You may have heard about colonic cleanses, and you might be wondering what is a colonic cleanse and what happens during one? Is it super uncomfortable? Do scary, shocking things happen? While you may have been told it can be detoxifying for your system, colonic cleanses are not essential for your health. To put it simply, a colonic cleanse is when large amounts of water, or sometimes herbs or coffee, are flushed through the colon by inserting a tube into the rectum. As a result, this stimulates the bowels to help you go to the bathroom. While proponents of colonic cleanses believe it can help get rid of toxins, and even help you have more energy, there are some other things about a colonic you may want to know.
First off, there are many medical professionals who advise against colonics. Because the body has it's own organs to flush out toxins — the kidneys and the liver — many healthcare practitioners find colonic cleanses unnecessary. Although research is still inconclusive about whether colonics can be helpful or harmful, doctors often notice patients will experience side effects like dehydration, and in some cases, colonic cleanses have led to infections, and to bowel perforations. Doctors also warn that those with kidney or heart disease are at higher risk of health issues resulting from colonics.
Some people believe that colonics can be good for you, and say that generally getting a colonic is a smooth process. "The session typically lasts around 45 minutes and is aimed at cleansing your large intestine," Dr. Christopher Hollingsworth, of NYC Surgical Associates, tells Bustle. "Someone might want this as a sort of detox/cleanse method. A colon hydrotherapy instrument will be inserted into your rectum and warm water will pass through your colon. When the water is transported in and out of your colon, your doctor will also employ abdominal massage techniques to eliminate wastes in your body that are sticking to the colon walls." And just like that, the procedure will be over.
Before someone gets a colonic, they should definitely do their research ahead of time— and check with their primary care physician if a colonic is a good idea based on their health, and also make sure the practice where they make your appointment is reputable, and clean. People who get colonics also should be sure to stay hydrated before and after the treatment. Here are a few things experts say might happen during and after a colonic, if you're curious.
1. It Actually Doesn't Hurt
It might seem like something inserted inside someone's rectum in order to "wash them out" may be a bit... uncomfortable. But Hollingsworth says it's not that bad. "It ... does not hurt," says Hollingsworth. "It is a cleansing process for your colon, which causes many to think that it would hurt, but it should not." Once again, someone who wants to get a colonic should make sure the place where they will be receiving the treatment is reputable to prevent any potential discomfort, pain, or other unwanted side effects.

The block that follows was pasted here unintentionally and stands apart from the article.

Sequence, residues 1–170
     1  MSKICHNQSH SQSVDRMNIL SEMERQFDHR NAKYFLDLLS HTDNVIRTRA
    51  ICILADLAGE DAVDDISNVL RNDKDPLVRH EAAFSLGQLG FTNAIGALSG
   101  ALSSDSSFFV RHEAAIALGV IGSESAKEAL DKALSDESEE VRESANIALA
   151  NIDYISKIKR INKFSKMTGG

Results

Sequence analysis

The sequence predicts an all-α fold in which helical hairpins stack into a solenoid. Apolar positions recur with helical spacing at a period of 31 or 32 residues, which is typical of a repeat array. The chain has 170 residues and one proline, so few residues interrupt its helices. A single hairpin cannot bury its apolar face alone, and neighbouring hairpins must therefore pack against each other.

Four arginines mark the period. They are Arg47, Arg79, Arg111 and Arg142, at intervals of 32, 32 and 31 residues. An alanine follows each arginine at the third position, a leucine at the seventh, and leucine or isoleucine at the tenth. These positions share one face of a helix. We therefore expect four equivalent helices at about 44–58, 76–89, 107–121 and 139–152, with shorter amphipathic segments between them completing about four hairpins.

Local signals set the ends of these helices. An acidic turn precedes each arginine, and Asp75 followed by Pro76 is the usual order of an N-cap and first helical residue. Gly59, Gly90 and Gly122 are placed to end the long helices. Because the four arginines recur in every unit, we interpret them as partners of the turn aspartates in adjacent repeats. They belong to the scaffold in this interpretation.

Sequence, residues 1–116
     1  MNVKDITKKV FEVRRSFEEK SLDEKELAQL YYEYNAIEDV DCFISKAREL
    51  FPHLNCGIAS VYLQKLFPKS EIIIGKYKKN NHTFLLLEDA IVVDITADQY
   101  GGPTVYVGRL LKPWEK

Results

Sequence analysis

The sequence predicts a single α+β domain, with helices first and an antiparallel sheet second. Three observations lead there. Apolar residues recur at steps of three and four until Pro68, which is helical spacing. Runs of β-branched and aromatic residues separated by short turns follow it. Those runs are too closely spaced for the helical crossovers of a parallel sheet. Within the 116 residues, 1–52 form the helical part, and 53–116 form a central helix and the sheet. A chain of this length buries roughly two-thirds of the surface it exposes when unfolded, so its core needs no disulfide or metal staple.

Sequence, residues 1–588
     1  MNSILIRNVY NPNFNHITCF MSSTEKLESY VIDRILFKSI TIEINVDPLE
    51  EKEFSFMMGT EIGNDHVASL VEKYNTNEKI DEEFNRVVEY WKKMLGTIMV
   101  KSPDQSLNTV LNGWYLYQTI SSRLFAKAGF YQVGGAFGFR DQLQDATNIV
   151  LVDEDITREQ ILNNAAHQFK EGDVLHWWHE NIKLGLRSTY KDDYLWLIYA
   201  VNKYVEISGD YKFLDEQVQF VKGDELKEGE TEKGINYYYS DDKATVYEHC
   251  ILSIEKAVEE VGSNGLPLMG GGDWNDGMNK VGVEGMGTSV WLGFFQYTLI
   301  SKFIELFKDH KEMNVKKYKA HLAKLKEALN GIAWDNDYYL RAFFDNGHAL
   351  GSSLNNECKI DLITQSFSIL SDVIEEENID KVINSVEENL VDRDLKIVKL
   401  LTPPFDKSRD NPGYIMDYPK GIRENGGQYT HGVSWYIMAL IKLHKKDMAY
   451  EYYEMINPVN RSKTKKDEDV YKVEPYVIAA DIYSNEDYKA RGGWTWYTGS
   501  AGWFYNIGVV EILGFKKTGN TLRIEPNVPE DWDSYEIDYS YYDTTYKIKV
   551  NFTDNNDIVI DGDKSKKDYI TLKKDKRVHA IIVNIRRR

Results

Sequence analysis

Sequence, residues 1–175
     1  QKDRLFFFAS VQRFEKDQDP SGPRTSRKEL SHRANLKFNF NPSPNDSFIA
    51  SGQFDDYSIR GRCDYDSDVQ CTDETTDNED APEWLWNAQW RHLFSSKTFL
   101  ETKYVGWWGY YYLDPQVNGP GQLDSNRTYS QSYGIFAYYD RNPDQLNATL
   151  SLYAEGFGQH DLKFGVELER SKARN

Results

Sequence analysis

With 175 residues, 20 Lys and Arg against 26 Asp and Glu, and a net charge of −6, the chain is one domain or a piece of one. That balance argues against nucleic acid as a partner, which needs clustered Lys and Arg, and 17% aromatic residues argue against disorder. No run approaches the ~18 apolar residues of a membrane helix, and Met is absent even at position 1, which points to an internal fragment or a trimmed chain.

2. There Might Be Cramping
During the procedure, someone who is receiving a colonic may be running back and forth to the bathroom, Dr. Elizabeth Trattner tells Bustle, in order to have bowel movements. And as a result, they might experience some cramping in their abdomen, which she says can be avoided by staying warm. Some hydrotherapists give clients heating pads, Trattner says, to help with cramps.
3. It's Possible To See Waste Leaving The Body
Depending on what type of machine is being used, those receiving treatments might get to see waste leaving their body — if they choose to look. "[Patients] can actually see some undigested food pass through the tube," says Trattner. Again, that might be more shocking to some more than others.
4. It's Common For People To Go To The Bathroom A Lot After
Many people are surprised to learn that after receiving a treatment, people actually "go" a lot more once they get home. According to Hollingsworth, there will be an increase in bowel movements within the first few hours, but that was the intention of the treatment. Once again, those who have undergone a colonic should be sure to stay hydrated.
5. Some Notice Bowel Movements Smell Differently
Many who experience colonics say that their poop smells a bit different then what they are used to after a colonic. "The sight and smell of bowel movements might be different than usual/expected," Hollingsworth says. This is typical of the procedure, says Hollingsworth, and happens because the colon is cleansing wastes and toxins from deep inside the intestines.
6. The Whole Cleansing Process Will Last A Few Weeks
Once someone gets a colonic, and even after they've had those first initial bowel movements, the process won't be entirely over. While bowel movements will eventually go back to normal, there typically will be a few more weeks of cleansing.
As Hollingsworth says, "It will actually take weeks for the body to get rid of all the waste in the colon. Again this is normal and means the colonic worked."
7. Some People's Moods Change
The actual colonic itself may not be too shocking. But the way some people say they feel may be. After the session, some people report feeling lighter, and "peppier," Christina La Macchia, of Christina's Colonics and Fitness, tells Bustle. Of course this isn't the case for everyone, but some people do report feeling less bloated, and even experiencing a more even complexion.
Even though colonics are not for everyone, those who have undergone the treatment often say they experience no pain, but occasional cramping, as well as more frequent bowel movements thereafter. It is important to note that though colonics may seem like a popular form of detoxifying the body, some medical professionals warn against them. Anyone interested should talk to their doctor beforehand to learn the potential risks associated with colonics.